All American responded by asking a federal court for an injunction against Mississippi banking regulators.
The payday lender says state agents sent a letter in January that made clear they want to impose “draconian measures” on the company that would cause it to “cease as an on-going entity.”
“The action proposed by the Department in its January letter would necessarily cause All American irreparable harm,” Danks said in a complaint filed Jan. 29 with the U.S. District Court for the Southern District of Mississippi.
Further, the payday lender said sanctions contemplated by the state would “wipe out” the company and leave it without “cash or other assets” to pay any potential penalties levied by the banking department.
The admission that All American sought to settle CFPB claims is included in the federal complaint.
State agents began a probe in June 2014 of alleged illegal rollover loans by All American and last May handed the statewide payday lender a report on its findings.
Mississippi bank regulators charge that All American routinely illegally rolled over loans that left borrowers on the hook for hundreds, if not thousands, of dollars on small dollar loans. State banking regulators have let All American operate under a temporary license since it put the company and its 43 stores around the state under a June 2014 cease-and-desist order forbidding any more loan rollovers.
The order followed a June 16, 2014 raid on a half dozen All American stores and the uncovering of what regulators say were instructions on the company intranet detailing how to do the illegal loan rollovers. Gray, in an interview in late 2014 with the Mississippi Business Journal, disavowed any knowledge of the training document. A former executive with the company says All American used the document in manager training sessions, however.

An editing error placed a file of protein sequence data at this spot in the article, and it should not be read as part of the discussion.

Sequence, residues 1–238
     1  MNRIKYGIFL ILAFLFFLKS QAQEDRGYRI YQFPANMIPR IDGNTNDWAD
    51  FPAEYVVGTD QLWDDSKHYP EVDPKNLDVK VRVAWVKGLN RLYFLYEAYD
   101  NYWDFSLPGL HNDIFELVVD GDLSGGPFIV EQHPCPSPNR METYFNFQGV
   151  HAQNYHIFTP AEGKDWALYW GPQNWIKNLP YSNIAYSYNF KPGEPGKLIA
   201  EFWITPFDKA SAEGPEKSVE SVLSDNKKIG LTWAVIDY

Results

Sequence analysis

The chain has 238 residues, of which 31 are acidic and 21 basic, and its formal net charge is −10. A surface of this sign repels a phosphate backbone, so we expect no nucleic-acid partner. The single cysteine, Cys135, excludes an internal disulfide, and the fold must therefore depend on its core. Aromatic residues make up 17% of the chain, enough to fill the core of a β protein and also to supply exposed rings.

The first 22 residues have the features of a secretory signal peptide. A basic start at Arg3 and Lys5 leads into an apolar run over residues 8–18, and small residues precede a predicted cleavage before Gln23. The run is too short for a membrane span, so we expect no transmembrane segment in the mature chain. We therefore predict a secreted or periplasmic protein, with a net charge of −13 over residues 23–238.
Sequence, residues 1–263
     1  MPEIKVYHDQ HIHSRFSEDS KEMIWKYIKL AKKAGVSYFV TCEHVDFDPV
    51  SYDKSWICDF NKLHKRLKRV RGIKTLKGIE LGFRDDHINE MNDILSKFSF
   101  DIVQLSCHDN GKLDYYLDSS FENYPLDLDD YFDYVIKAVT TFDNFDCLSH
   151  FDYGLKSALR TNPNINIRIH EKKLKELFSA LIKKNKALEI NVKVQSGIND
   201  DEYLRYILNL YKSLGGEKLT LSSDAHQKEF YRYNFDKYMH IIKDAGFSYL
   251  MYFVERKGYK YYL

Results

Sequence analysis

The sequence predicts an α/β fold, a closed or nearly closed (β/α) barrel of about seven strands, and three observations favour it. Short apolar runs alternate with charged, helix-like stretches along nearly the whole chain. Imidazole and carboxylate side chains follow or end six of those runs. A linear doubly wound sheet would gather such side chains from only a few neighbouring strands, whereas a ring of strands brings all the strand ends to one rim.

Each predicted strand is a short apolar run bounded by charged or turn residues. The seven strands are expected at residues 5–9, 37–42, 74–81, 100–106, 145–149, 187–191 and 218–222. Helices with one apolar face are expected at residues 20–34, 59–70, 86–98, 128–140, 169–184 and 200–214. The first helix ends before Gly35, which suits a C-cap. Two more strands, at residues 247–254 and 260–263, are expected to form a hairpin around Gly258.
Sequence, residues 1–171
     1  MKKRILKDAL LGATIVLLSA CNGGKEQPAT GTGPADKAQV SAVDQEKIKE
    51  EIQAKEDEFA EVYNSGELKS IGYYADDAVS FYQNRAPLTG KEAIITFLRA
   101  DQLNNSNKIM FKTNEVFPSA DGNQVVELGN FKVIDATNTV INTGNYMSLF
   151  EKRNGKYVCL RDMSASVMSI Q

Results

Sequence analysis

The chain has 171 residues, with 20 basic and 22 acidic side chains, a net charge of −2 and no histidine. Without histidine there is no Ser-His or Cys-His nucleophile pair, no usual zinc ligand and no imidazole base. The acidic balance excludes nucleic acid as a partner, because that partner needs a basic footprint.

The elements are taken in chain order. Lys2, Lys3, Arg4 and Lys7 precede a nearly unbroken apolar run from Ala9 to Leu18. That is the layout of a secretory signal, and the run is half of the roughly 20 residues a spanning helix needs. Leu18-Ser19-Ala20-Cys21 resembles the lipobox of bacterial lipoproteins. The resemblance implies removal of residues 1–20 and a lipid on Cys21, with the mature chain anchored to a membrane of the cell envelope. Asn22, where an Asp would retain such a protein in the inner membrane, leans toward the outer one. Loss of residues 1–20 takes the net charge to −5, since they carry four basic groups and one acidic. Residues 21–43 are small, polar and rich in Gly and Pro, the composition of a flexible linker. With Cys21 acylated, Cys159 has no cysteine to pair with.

In its federal filing, All American called the raids illegal and says banking department agents intimidated employees as well as interfered with customers seeking loans. “The agents followed customers out of the All American stores and pressed those customers for desired information,” attorney Danks said in the complaint.
Agents “went so far as threatening employees with jail time if they did not comply with the agents’ instructions to change answers,” Danks added.
Danks did not return a phone call seeking further comment.
The move against All America marks the first significant penalties proposed against a payday lending industry that Mississippi lawmakers made a permanent part of the state’s authorized financial services in 2013. The 2013 legislation made permanent the five-year renewal legislators gave payday lending in 2012.
In that legislation, lawmakers granted payday lenders authority to increase loans and fees to $500 from a previous cap of $400.
In that same year, Mississippi’s slightly more than 1,036 payday lending stores did $1.4 billion in business, generating $261 million in income for payday lenders, according to the Center for Responsible Lending.
Attorney Whitney Barkley, the Center’s policy counsel, said prohibitions on payday loan rollovers such as the one Mississippi has do not stem financial damage to individual and households in Mississippi. The problem, she said, is high interest and the frequency of loans to individuals.
“Seventy-five percent of the fees come from borrowers who have 10 or more loans in a year,” Barkley said.
Interest-rate caps of 36 percent are more effective in easing the debt burden of individuals and families, she said, and put the annual percentage rate collected by Mississippi’s payday lenders at 520 percent on an average loan of $350.